The massive report, released last week, includes chapters on every nation in the world, including 43 pages on Bulgaria.
It calls out corruption in Bulgaria’s security services, noting that the government’s actions to “punish officials (there) and elsewhere who committed abuses... were insufficient.”
“While the government had mechanisms to investigate and punish abuse and corruption, implementation was inadequate, and impunity was a problem,” it said.
By congressional mandate, the State Department has produced the report, which assesses countries’ human rights practices, since the 1970s.
Corruption is a drag
“Corruption continued to be a drag on the government’s capabilities and undermined public and business confidence in the judiciary and other government institutions,” it said.
The report said Bulgaria’s judiciary is plagued by “pervasive problems” and that it suffers from “corruption, inefficiency, and a lack of accountability.”
“Public trust in the judicial system remained extremely low because of the perception that magistrates were susceptible to political pressure and rendered unequal justice,” it said.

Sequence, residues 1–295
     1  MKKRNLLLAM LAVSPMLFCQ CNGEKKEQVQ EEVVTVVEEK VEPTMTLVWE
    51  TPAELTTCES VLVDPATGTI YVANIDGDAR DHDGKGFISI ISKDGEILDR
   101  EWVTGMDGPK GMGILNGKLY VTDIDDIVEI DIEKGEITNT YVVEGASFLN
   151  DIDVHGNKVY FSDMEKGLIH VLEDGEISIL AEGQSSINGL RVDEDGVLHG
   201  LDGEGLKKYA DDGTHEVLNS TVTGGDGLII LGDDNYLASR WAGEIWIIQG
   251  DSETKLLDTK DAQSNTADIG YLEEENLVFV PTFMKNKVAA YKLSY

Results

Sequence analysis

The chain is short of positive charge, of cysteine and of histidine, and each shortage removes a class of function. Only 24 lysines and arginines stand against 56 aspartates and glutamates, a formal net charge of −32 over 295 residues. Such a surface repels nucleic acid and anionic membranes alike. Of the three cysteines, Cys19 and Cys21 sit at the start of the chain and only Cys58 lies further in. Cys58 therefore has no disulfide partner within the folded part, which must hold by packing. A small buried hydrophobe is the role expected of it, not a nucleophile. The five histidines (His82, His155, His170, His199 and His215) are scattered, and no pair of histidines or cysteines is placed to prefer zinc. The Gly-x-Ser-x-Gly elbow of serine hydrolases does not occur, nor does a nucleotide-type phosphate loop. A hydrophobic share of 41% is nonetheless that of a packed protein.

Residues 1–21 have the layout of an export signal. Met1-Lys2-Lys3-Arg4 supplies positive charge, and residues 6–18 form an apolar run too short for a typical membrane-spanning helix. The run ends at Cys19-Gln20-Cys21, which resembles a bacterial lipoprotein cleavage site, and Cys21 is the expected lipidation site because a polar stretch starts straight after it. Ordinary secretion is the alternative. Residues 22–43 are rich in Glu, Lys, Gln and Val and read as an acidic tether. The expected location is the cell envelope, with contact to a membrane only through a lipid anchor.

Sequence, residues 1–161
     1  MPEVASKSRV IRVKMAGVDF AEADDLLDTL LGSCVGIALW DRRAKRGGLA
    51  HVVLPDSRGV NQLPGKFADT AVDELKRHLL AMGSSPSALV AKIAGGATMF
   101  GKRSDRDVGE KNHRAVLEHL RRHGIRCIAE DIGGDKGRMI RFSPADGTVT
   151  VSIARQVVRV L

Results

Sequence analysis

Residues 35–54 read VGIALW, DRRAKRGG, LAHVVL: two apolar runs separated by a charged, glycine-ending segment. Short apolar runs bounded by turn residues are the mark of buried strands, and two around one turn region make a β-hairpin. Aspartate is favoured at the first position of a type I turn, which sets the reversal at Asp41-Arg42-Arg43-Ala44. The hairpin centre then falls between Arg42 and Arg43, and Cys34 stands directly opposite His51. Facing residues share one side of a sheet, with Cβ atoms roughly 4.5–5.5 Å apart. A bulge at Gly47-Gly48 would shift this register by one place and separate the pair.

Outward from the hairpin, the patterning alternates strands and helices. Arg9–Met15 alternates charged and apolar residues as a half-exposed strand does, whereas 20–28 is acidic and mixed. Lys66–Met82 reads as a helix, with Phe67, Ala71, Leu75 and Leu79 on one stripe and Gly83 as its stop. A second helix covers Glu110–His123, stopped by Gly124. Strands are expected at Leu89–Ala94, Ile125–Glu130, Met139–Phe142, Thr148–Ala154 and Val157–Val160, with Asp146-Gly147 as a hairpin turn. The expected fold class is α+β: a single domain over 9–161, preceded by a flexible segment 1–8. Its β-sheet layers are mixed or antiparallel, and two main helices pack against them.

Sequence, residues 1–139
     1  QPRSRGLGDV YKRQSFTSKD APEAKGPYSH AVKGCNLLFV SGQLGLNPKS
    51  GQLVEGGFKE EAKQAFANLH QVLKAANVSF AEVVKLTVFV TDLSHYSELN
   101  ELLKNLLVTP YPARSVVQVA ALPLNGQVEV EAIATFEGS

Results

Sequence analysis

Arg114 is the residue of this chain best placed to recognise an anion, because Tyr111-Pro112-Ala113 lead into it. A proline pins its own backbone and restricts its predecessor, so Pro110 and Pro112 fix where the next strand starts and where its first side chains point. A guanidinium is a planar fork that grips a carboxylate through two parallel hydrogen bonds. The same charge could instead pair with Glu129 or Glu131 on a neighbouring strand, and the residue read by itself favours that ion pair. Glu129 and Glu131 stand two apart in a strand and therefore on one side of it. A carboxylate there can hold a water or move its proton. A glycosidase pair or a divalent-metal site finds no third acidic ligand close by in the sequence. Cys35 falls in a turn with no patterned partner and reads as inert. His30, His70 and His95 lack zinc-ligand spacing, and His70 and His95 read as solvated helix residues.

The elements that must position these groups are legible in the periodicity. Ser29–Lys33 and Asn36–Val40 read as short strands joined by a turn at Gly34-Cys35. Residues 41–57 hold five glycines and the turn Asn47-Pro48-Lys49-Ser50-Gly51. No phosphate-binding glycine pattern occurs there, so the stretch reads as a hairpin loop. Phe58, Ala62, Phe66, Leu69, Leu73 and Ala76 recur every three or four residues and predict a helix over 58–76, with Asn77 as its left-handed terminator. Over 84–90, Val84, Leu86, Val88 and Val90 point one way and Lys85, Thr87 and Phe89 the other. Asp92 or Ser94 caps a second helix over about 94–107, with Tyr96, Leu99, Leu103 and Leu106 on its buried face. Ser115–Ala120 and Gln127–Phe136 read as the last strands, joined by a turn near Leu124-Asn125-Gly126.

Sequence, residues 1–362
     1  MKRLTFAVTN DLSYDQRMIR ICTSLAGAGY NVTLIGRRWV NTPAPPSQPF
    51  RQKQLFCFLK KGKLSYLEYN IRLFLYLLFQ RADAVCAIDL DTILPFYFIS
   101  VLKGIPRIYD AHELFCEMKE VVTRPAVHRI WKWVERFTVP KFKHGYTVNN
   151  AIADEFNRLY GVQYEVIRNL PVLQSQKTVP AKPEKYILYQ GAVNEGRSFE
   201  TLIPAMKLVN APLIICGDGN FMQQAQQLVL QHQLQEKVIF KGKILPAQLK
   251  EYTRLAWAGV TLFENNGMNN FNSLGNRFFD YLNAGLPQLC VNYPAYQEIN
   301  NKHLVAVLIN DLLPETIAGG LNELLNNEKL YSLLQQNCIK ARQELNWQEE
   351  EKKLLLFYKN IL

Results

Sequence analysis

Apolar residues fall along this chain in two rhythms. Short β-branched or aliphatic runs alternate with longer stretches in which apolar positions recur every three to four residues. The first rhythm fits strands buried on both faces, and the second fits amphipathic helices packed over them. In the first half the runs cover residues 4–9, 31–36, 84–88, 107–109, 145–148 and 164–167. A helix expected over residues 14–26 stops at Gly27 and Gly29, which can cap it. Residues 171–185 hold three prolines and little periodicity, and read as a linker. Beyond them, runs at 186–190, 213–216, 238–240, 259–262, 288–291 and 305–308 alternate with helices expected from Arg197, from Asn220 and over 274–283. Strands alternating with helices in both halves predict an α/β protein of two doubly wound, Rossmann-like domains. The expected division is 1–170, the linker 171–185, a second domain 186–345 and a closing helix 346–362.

The report didn’t comment on the 2016 elections, but said that the 2014 parliamentary elections complied “with fundamental freedoms of expression, association, and assembly.”
It added that they included “pervasive allegations of vote buying and the use of racist, xenophobic, and inflammatory rhetoric throughout the election campaign. “
“Rumor and Slander”
The report addressed press freedom, citing a survey by the Association of European Journalists Bulgaria (AEJ) that said a “‘culture of pressure’ was steadily restricting media in the country.”
According to AEJ, “72 percent of journalists witnessed their colleagues being subjected to pressure, 67 percent stated that politicians significantly interfered with their work, 54 percent were personally prevented from freely exercising their profession, 43 percent admitted to pressure from the government and local institutions, and 41 percent were the targets of rumor spreading and slander.”